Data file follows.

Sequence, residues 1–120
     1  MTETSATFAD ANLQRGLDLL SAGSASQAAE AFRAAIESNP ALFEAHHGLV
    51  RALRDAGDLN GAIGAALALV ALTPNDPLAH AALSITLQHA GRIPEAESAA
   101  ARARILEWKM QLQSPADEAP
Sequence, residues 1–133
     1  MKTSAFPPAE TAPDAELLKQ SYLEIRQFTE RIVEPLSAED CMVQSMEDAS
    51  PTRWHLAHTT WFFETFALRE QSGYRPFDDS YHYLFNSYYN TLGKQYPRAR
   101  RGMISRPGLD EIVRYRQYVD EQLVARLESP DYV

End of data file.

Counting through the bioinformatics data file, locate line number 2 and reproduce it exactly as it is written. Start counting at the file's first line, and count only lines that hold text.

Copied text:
     1  MTETSATFAD ANLQRGLDLL SAGSASQAAE AFRAAIESNP ALFEAHHGLV